- Tag other pages in your posts. That creates a potentially bigger audience for you.
- Make a welcome video that’s compelling and include it on your fan page. That allows prospects to get to know you better and see how you can improve their life or business.
- Craft and email to your list and ask them to like your page. You can also add a call to action in your email signature.
- Collect your prospects and client’s questions and use that content to answer posts. It’s relevant to your audience.
- Point followers from different platforms to your page, especially if there’s a good discussion going on. There are no rules here. Experiment.
- Keep your posts short, sweet and personal. Fans like to know there’s a person behind the brand. Don’t confess your deepest darkest secrets of course, but engage to gain the LKT factor. (Like, know, trust).
- Discounts? Yup. Flash freebies (first 20 people to…) Yup. Shareable images like infographics also work to build engagement.
- Have employees? Going to a trade show? Build your likes. Ask and you will receive.
- Speaking? Ask your fans to tag themselves when they upload pictures. Then their friends and followers will also see you.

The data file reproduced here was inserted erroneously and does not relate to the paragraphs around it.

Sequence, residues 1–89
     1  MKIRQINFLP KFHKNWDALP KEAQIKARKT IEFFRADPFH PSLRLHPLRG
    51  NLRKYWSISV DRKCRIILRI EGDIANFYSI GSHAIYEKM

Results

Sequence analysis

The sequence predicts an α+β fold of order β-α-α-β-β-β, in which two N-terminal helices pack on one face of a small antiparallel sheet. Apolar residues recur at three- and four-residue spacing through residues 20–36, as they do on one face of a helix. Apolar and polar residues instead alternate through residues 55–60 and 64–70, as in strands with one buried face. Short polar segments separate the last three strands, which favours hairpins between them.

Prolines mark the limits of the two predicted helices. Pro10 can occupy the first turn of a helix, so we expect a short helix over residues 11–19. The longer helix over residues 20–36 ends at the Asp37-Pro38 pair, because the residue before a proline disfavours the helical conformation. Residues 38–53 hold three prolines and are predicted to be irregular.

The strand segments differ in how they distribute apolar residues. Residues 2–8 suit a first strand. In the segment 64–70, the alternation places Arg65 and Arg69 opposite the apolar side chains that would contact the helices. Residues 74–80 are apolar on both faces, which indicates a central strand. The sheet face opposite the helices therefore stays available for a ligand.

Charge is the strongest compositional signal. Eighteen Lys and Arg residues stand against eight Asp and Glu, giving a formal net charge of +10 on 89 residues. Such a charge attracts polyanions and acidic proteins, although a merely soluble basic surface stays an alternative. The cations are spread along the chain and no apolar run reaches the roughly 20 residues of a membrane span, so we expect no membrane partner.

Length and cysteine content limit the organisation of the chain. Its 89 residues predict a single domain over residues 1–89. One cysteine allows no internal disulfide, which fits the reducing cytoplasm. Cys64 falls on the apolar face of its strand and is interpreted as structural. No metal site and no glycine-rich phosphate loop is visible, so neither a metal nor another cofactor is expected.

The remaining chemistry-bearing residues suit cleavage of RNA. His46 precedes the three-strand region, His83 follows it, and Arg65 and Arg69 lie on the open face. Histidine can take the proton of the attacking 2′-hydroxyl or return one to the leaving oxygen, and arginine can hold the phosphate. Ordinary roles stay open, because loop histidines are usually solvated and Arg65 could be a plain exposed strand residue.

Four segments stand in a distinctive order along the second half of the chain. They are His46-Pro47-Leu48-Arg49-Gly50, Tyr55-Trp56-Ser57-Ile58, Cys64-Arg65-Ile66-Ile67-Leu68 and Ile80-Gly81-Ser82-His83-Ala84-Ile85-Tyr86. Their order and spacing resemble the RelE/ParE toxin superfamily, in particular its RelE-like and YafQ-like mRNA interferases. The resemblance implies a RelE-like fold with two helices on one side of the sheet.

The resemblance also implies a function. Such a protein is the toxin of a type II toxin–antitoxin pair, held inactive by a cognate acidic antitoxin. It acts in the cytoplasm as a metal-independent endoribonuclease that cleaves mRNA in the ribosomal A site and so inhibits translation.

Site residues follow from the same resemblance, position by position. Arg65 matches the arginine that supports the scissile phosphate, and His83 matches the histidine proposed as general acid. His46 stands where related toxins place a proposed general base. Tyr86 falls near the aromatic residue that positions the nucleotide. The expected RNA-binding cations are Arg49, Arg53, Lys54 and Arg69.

- Customize your Facebook background banner on Canva or other design sites. Make sure you’re consistently branded, but don’t forget to also include a call to action. Ask people to Like My Page!
- Lastly, every once in a while, include a PS at the end of your email like, Connect with us on Facebook. PS is a powerful Promotional tool!
We all know the power of video and it’s no secret that in 3 years, 75% of content on mobile phones (and Facebook) will probably be mostly video.
It took some time to get on bandwagon and I’m not sure if I was just being my perfectionist self or wondering how it was going to happen. But, it did. At the end of last year, I wrote down my goals and in less than two weeks, my YouTube channel was born.
With expert help and strategy, we got to #1 in Google for small business marketing expert, at least for a short while. If that can happen for me, it can happen for you.
So, what’s important for small businesses to know this year about video?
- You don’t have to have a big budget to grow your brand, create awareness and set yourself apart as a leader or expert in your industry. While many businesses are just blogging, video content often makes a bigger impression – especially when you’re producing and uploading on a consistent basis.
- Since Google owns YouTube, you have a greater chance of being ranked higher on that search engine. Viewers also typically think: top position = more qualified. Fact is, you can get there by earned status or paid. My favorite is promoting without a PR budget.
- Now, you can’t put out video that stinks or that’s not geared for your target audience. Research is a must and your content has to be valuable. Also remember, you don’t have to produce an epic video — it can be simple. An intro video about who you are, testimonials, behind the scenes. See where I’m going?